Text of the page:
As you can see, each node – tag – get’s it’s own RSS feed. This is the functionality that creates my personalized feeds.

Reduce Email with Personalized Feeds

If you’re like me, there are a couple people in your life that you want to send links too. For me that’s my girlfriend Aimee and my family. Email isn’t perfect for this — even with family, too many urls can quickly feel like spam. A blog isn’t perfect either; links for family and close friends are often boring, in jokes, or off-topic to a wider blog audience. My solution is to use tags and RSS in http://del.icio.us, in conjunction with an RSS aggregator — My Yahoo! works perfect for this.

Step one is to flag content that they’ll like. Tagging makes this super easy, I just create person-specific tags with the format, "attn:aimee". (Use any convention you want; the colon isn’t important either, a hyphen, prior or other mark will work fine.)

With sites tagged, the special tags will begin generating RSS feeds. Any aggregator will work of course, but for family I had success recommending My Yahoo!. Now, when every my family checks their My Yahoo! page, they’ll see any new links that I flagged for their attention…. To me, this is ">100% Awesome.

While I don’t think that RSS will replace email any time soon, this is a great way to remove some unnecessary noise from the inbox while still maintaining intimate and personal relationships.

Disclaimer: I saw the "attn:xxxx" syntax on another site, it is not my original idea. Unfortunately, I haven’t been able to re-locate the source. Please send me and help me locate any prior work on this approach, so that I may give proper credit. Thanks!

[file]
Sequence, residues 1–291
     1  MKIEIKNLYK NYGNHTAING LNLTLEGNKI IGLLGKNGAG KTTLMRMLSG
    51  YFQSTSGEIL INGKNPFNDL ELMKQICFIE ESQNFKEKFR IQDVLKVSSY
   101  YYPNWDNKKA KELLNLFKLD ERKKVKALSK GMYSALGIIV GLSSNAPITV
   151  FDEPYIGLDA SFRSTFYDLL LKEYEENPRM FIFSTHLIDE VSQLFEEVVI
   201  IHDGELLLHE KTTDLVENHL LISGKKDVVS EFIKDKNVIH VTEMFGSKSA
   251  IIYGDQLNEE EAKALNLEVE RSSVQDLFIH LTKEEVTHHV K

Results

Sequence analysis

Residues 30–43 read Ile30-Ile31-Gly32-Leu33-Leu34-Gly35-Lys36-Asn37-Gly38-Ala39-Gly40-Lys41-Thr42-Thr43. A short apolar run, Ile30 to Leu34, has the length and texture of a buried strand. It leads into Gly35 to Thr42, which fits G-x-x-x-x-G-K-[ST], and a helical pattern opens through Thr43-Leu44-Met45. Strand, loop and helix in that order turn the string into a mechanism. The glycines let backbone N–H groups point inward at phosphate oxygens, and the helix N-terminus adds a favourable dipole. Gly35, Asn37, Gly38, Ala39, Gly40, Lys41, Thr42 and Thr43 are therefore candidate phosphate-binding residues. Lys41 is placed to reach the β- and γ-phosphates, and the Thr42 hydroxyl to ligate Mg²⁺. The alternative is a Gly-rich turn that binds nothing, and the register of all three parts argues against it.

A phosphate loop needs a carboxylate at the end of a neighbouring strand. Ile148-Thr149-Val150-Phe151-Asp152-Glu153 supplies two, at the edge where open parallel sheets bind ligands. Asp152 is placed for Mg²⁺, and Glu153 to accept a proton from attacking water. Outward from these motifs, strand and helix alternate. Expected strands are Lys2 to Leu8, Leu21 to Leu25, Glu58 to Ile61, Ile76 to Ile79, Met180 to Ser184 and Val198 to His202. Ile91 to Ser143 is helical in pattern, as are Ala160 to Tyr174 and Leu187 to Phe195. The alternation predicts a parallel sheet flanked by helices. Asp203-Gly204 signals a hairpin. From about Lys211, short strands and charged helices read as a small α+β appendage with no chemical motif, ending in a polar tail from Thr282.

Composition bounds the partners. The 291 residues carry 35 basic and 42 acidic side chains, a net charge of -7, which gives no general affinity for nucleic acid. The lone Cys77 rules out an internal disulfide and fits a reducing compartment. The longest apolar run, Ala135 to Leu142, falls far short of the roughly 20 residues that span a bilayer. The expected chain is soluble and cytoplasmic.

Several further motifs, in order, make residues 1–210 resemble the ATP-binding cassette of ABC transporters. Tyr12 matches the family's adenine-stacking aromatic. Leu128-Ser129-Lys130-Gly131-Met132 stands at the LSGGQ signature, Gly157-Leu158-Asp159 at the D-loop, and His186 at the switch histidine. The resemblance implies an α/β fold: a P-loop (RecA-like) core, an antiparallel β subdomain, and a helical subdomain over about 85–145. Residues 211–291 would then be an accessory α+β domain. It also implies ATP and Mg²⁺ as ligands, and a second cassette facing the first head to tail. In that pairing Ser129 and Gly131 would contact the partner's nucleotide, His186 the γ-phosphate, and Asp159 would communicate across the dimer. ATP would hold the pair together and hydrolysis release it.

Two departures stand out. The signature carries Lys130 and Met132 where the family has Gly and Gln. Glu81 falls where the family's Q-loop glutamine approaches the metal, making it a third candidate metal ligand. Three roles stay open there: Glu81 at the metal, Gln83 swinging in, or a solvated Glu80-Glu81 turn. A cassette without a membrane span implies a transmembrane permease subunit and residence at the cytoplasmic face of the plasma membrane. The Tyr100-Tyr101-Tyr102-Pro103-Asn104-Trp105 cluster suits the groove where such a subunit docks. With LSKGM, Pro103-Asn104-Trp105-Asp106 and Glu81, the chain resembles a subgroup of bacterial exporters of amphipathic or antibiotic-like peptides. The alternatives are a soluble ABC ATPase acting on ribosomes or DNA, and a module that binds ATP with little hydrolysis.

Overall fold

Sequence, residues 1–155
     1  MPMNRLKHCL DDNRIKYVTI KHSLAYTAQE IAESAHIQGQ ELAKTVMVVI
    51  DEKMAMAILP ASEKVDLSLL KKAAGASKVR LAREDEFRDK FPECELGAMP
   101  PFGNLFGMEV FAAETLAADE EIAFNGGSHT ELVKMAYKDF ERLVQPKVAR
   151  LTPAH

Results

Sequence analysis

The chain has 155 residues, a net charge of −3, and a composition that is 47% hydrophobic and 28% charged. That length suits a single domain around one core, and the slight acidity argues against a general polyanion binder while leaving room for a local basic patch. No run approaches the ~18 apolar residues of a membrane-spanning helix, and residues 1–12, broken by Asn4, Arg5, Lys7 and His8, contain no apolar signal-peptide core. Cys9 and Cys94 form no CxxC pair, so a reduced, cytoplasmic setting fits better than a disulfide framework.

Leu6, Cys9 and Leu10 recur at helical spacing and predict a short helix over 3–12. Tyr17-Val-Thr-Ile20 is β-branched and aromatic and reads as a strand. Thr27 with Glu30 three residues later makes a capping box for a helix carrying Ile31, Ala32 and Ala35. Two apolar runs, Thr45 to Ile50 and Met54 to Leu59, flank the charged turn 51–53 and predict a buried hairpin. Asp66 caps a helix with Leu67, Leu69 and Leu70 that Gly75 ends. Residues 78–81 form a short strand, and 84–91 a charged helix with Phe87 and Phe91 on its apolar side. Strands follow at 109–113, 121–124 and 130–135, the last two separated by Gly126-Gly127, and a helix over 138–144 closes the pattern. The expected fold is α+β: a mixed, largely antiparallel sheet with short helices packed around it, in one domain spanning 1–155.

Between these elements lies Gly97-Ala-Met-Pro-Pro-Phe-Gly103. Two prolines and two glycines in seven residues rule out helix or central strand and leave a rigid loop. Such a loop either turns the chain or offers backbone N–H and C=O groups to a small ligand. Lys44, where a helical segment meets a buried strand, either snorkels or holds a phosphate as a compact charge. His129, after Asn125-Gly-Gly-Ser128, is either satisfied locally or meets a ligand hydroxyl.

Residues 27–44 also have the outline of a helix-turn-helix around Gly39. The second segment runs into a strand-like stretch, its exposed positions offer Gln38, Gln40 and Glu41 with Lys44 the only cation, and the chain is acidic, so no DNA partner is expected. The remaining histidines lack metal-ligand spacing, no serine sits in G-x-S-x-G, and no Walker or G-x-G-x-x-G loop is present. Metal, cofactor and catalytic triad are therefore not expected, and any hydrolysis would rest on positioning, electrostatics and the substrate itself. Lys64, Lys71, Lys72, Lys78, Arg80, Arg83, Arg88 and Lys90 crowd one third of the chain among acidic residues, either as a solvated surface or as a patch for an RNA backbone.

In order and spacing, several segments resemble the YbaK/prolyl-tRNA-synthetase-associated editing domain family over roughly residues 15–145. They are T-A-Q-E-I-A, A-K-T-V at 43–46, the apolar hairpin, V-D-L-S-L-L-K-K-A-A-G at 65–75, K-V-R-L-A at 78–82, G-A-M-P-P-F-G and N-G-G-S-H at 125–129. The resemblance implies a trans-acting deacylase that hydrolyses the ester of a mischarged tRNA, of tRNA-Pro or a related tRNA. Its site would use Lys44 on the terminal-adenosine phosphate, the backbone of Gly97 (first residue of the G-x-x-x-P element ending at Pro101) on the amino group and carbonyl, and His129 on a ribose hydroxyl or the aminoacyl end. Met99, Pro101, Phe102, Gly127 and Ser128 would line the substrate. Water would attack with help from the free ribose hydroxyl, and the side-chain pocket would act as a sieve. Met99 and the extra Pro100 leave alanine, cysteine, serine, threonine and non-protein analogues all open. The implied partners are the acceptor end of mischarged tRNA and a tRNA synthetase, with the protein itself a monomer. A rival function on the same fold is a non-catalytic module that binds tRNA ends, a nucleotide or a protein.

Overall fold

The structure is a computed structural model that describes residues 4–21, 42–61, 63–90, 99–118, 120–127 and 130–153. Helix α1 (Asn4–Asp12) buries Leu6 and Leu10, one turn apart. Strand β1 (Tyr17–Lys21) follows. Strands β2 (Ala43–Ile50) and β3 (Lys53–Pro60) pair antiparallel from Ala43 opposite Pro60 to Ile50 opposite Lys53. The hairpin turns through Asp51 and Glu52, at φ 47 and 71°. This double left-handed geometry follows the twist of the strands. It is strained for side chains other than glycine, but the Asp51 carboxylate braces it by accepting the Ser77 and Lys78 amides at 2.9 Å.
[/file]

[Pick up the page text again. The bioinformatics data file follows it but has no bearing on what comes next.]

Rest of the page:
Update: Here is an earlier mention of this technique, though this still isn’t the place I saw the idea first. Thanks for pointing this out in the comments Brian. [2005.01.19 12:01:00]

Newsmap

For all the news junkies out there, and for those of you interested in visualizations, check out newsmap if you haven’t seen it before.

  • Notice the legend in the lower right corner. Color = age.
  • The size of the area represents the number of sources.
  • Layout controls are in the lower right corner too. I think I prefer “standard” over “square”.
  • You can select countries across the top. Each country will get a proportional section of the page. Turn on US, NZ and Canada, and notice how different stories are variously prominent.
  • Archive controls are in the lower left. You can examine news from earlier in the day, or earlier in the week.